use of vowels when writing songs

gecko zzed

Grumpy Mod
I don't know how many people write songs based on which vowels to choose and how to use them in a bridge....???

I think there would be hardly anyone writing a song based on which vowels to use in a bridge. There's no suggestion that the OP is seeking out particular vowels for musical reasons without considering their lyrical context.

Personally, in the process of writing songs, I've had a number of equally acceptable lyrical choices for a line. I've made the choice based on what I believe is the most musical. So I may be making the choice based on vowels, but that choice doesn't negate the lyrical content.


Not saying it's out of the question and/or not possible...just a rather strange way to write songs.

No, it's not out of the question, and yes, it is strange. But there are plenty of examples where this has been done: "Oo ee oo ah ah ting tang walla walla bing bang" from "Witch Doctor" is a good example.

Most Rock/Pop songs start with a groove and some basic idea of the story, the lyric...

Yep


and you get to a point with the lyrics where it's not an endless selection of words and/or vowels, but a very finite selection...once you start writing them. IOW...after the first couple of lines, your goal would be (I assume) to stay true to the "story", and there are so many things that you can say, so many words that you can use...that will fit that story, and work with the groove.

I don't agree with this. I think this is a self-limiting assumption. I agree that you can sometimes 'write yourself into a corner'. This happens when you write a marvelous line, then struggle to find something to rhyme with it. If you persist with the original line, you get nowhere. So you have to change the first line and re-craft the thought differently. The 'finite selection' is imaginary, and choices are limited only by your imagination.

Of course, it it's mindless lyrics and sophomoric rhyme...then guess any choice is possible just to make it work.

It's usually the sophomoric and mindless lyrics that reveal lack of musical and linguistic knowledge. It is the writing of people who write without skill or art, just to make things work.

Gifted songwriters know how to use vowels to support the musical context, and they have the vocabulary to access words that do this and support the lyrical content.
 

miroslav

Cosmic Cowboy
Gifted songwriters know how to use vowels to support the musical context, and they have the vocabulary to access words that do this and support the lyrical content.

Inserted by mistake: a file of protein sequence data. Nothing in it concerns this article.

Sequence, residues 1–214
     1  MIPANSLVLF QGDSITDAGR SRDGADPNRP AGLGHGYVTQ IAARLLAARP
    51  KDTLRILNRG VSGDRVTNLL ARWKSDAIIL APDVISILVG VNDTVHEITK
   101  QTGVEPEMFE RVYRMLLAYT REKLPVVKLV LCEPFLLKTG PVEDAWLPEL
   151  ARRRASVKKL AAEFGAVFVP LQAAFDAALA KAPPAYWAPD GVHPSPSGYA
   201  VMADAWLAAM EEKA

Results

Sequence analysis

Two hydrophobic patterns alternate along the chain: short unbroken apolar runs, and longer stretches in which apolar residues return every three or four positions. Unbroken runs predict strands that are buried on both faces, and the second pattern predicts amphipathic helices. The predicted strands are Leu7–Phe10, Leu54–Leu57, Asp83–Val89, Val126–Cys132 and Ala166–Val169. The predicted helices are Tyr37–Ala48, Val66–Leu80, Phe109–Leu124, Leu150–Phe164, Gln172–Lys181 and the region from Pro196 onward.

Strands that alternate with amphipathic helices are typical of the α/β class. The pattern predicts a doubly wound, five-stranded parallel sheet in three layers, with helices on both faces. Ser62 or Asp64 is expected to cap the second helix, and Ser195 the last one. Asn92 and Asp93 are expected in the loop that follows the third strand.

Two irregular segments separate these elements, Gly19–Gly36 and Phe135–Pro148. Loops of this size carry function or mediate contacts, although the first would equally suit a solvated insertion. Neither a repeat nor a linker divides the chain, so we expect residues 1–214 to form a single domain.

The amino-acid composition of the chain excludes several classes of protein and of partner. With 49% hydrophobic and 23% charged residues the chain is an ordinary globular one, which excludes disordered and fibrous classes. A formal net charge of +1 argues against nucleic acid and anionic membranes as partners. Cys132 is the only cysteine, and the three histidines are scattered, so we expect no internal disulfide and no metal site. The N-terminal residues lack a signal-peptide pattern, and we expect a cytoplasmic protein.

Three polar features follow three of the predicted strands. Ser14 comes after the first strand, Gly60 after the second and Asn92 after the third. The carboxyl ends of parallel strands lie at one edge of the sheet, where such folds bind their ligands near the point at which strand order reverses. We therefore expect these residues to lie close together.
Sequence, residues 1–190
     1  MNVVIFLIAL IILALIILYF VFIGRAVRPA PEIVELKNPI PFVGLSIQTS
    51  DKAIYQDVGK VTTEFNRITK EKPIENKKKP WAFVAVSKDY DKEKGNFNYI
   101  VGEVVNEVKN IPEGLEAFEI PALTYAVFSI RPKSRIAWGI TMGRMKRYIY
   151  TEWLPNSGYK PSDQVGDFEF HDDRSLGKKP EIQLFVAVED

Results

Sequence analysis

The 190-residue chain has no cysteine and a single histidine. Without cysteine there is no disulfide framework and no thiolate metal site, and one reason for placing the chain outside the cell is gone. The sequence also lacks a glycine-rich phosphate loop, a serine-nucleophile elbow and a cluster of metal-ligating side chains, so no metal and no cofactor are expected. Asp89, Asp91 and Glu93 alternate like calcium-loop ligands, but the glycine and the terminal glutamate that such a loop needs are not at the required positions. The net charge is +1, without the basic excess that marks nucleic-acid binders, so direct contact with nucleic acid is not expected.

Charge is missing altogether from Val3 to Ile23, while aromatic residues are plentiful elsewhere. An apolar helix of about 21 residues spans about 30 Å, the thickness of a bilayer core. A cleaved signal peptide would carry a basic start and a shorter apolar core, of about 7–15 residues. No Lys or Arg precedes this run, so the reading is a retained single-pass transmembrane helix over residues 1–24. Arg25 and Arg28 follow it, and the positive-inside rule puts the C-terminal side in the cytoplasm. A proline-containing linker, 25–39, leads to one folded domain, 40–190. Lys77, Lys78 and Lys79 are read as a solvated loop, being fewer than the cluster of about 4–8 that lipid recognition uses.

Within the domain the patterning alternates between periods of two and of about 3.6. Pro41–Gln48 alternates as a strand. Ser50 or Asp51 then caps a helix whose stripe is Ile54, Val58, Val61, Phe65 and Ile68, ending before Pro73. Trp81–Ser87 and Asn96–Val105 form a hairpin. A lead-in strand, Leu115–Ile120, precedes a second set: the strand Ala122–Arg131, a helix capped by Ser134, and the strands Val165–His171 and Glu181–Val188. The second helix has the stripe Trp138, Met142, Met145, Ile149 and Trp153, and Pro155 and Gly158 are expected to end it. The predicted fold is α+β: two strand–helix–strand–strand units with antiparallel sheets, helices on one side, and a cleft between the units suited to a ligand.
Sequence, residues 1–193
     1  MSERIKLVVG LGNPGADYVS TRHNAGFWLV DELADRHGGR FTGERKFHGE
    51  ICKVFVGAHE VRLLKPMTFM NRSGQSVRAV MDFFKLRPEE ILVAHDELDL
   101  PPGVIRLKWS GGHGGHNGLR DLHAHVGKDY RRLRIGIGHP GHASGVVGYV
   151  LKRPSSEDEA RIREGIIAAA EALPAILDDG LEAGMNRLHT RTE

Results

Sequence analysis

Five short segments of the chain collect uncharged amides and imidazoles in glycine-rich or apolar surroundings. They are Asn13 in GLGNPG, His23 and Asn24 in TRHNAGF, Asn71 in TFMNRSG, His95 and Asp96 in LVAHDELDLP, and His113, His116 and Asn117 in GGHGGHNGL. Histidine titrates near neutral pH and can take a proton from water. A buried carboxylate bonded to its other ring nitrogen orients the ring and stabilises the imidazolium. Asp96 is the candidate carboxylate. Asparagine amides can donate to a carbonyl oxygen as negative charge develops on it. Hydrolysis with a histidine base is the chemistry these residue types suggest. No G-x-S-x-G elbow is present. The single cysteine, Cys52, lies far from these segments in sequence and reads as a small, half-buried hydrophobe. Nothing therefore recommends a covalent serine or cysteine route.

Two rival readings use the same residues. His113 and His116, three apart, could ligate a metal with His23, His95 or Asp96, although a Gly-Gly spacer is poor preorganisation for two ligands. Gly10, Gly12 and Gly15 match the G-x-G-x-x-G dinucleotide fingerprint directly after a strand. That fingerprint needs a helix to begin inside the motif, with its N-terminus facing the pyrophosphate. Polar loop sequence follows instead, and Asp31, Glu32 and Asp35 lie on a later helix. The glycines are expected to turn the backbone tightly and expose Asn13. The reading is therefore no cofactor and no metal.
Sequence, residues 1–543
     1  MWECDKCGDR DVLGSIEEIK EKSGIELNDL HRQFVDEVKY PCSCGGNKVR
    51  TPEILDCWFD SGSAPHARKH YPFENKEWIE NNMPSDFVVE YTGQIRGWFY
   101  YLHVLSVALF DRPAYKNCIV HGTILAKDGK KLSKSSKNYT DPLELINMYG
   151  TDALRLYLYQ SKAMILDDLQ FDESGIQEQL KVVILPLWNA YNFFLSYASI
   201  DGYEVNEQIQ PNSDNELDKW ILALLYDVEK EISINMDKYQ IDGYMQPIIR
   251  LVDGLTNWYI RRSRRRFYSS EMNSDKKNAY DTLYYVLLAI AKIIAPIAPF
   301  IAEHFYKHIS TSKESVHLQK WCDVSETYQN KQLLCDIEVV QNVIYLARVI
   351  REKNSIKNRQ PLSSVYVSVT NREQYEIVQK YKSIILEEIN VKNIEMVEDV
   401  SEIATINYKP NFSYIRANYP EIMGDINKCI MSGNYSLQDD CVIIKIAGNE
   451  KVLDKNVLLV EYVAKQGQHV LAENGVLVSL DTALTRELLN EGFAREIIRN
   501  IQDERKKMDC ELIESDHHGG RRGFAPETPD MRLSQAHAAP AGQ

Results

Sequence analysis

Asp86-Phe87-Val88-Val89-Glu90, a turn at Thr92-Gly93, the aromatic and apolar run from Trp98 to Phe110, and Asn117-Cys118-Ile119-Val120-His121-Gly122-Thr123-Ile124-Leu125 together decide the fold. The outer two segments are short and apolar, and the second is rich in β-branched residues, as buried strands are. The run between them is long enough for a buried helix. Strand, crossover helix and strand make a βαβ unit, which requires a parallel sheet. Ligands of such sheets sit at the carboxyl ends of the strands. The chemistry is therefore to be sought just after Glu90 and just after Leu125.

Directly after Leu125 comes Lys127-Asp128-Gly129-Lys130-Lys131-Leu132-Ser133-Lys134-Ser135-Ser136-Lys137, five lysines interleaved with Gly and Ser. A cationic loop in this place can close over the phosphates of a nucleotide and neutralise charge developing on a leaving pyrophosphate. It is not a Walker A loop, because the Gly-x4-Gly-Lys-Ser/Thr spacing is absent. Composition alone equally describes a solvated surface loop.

True as that may be...I think we've gone way off from the original question i was asking:
Why is the use of specific vowels in the bridge of that much scrutiny/concern or problem to the OP?

I think I've agreed to all you say...and writers will make adjustments to word selection IF they also are strictly writing for their own voice....which is a little different than writing for the sake of the song.
Like I said...you can write with only your voice in mind, which may/will certainly lead to a different result than if you just write for the song.

Anyway....my writing my be the oddity, but this vowel/bridge thing has never really come up in all the years I've been writing...even if I'm considering how the song will best fit my voice.
Not saying word substitution to serve a specific vocal limitation never comes up...but I dunno...I've just never viewed songwriting from that perspective as a main concern. :)

YMMV.....

So I guess the OP will never return to answer my questions so we can all know for sure what exactly he's after and what he means by the vowels/bridge thing...and we're left to continue our speculation. :D
 

gecko zzed

Grumpy Mod
...and writers will make adjustments to word selection IF they also are strictly writing for their own voice....which is a little different than writing for the sake of the song.

We are left to speculate unless the OP comes back to clarify. But I will continue to speculate.

I don't think the OP was writing for his own voice, though he may have used his own voice as an example. I think it was more a case of wondering whether particular vowels are more suited than others to some musical applications. The OP, with this information in hand, would continue to write for the 'sake of the song', but, as a rather dodgy example, may choose to use 'appears' instead of 'seems'. I have no idea whether either word is easier to sing than the other, but one could be. Both, though, are reasonable synonyms. The point is that the writer has a choice of words when crafting a song, and part of making that choice is having an understanding of how the word is sounds when it is sung.
 

andrushkiwt

New member
bridge -

"the place in your voice where the sound waves vibrating in your chest on the lower notes begin to move upward into your head as the pitch ascends, and also comes back down again as the pitch descends. Sometimes it’s called a passage or passaggio."

- the internet
 

miroslav

Cosmic Cowboy
We are left to speculate unless the OP comes back to clarify. But I will continue to speculate.